Beyond the family

By Barbara Spector

Many entrepreneurial families who have big dreams for their companies understand that non-family employees can help them make those dreams come true. A smaller percentage of family business owners have taken this logic a step further —they’ve hired non-family employees to run the place.


Some family business owners may be slow to embrace the idea of an outsider in the CEO’s chair. For instance, it took Wm. Wrigley Jr. Co. 115 years to hire its first non-family CEO. The gum giant, founded in 1891, was struggling amid competition from Cadbury Adams USA, and its earnings per share had declined after it acquired Altoids and Life Savers from Kraft Foods. When it named William D. Perez—formerly of S.C. Johnson & Son and Nike—to replace Bill Wrigley Jr. as CEO last October, a Credit Suisse analyst wrote to investors, “The biggest positive here is that management now seems to recognize that it needed to change from a paternal culture to a professional one.”


In this issue, Family Business profiles several families who have chosen non-family members to lead their businesses, and offers a behind-the-scenes peek at the analyses behind their decisions to do so. Rich Products Corp. of Buffalo, N.Y., one of the largest U.S. frozen foods manufacturers with annual revenues of $2.4 billion, named William G. Gisel Jr. as president and CEO last August. “For me, a family business does not just mean those with the same last name that’s on the front door,” company chairman Robert E. Rich Jr. tells reporter Ellyn Saft.


At Houston-based Kanaly Trust Company, the quest for the right non-family CEO took more than a decade. In 2001, Family Business reported on the Kanaly family’s struggle with leadership decisions. On page 45 of this issue, David Doll, who in 2005 became the first non-family member to hold top post, offers a follow-up to the 2001 article, describing the lengthy succession plan journey. Fortunately, the Kanalys had their new leader in place when the firm’s legendary founder, E. Deane Kanaly, passed away last July.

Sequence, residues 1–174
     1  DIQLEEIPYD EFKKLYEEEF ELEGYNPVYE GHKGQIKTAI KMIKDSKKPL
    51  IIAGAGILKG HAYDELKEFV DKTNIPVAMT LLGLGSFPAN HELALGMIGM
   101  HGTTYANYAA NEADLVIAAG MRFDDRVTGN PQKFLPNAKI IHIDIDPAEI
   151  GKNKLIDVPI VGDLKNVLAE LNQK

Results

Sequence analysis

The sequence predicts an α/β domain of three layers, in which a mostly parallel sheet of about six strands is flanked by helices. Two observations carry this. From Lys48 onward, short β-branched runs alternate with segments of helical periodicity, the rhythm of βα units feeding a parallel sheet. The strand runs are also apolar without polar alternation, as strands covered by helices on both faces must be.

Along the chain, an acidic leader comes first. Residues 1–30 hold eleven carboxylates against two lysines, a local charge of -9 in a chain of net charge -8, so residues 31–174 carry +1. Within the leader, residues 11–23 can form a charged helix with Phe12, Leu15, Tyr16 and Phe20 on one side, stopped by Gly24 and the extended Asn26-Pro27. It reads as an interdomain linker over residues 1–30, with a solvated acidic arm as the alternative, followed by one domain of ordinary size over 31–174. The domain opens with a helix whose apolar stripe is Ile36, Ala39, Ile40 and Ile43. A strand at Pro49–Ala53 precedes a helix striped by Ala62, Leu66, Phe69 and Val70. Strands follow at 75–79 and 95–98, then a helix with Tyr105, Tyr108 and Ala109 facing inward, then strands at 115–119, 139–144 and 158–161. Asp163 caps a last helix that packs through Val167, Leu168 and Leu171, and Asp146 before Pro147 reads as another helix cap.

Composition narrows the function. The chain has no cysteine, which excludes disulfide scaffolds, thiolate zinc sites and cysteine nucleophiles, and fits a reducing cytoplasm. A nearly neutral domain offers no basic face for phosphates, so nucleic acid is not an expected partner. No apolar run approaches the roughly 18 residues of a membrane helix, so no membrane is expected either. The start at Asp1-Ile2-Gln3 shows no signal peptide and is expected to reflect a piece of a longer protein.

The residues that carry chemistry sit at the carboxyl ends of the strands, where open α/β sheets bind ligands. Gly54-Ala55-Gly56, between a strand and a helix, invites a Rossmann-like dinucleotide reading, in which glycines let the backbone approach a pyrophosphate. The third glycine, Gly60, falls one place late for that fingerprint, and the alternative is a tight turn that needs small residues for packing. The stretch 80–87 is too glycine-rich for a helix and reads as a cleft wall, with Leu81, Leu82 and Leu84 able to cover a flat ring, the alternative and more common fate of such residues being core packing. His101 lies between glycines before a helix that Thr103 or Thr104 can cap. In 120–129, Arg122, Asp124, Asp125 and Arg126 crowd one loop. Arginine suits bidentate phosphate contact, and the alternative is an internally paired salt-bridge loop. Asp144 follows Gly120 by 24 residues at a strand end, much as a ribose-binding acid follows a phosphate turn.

The Muselman family, owners of Dynamic Resource Group, a publishing company in Berne, Ind., view themselves as investors in their company, which has been managed by non-family executives since the late 1990s. As Dave Donelson reports on page 50, the Muselmans established this management structure because they believed the business would become more successful if they divested themselves of direct control.


After you’ve recruited a non-family executive, you still have work to do. As a trio of family business advisers notes on page 54, you must provide a means of motivating and rewarding that person. Non-family executives must be made to feel like part of the extended family, not the hired help. Read the article for advice on how to ensure their success.

Article categories: 
Spring 2007

Other Related Articles

  • Family giving during COVID-19

    Over the past several months, we have heard time and again: We are all in this together. Truly, not a single person in our country has been unaffected by COVID-19. Whether you or someone you know is a...

  • Laird & Co. toasts the 10th generation

    When you’re the ninth generation leading a family business that served George Washington, you don’t want to be the one who screws it up, says Lisa Laird Dunn, executive vice president and global a...

  • Redefining ownership as shareholder stewardship

    Thirty years ago, I was faced with a typical family business crisis. My father, the founder of our family-owned industrial fabrics company, Seaman Corporation, had passed away prematurely at the age o...

  • Family office decision factors

    Advisers offer these suggestions for families considering a single-family office (SFO):• Solicit feedback from the family about potential benefits. Is the primary purpose to bring the family assets ...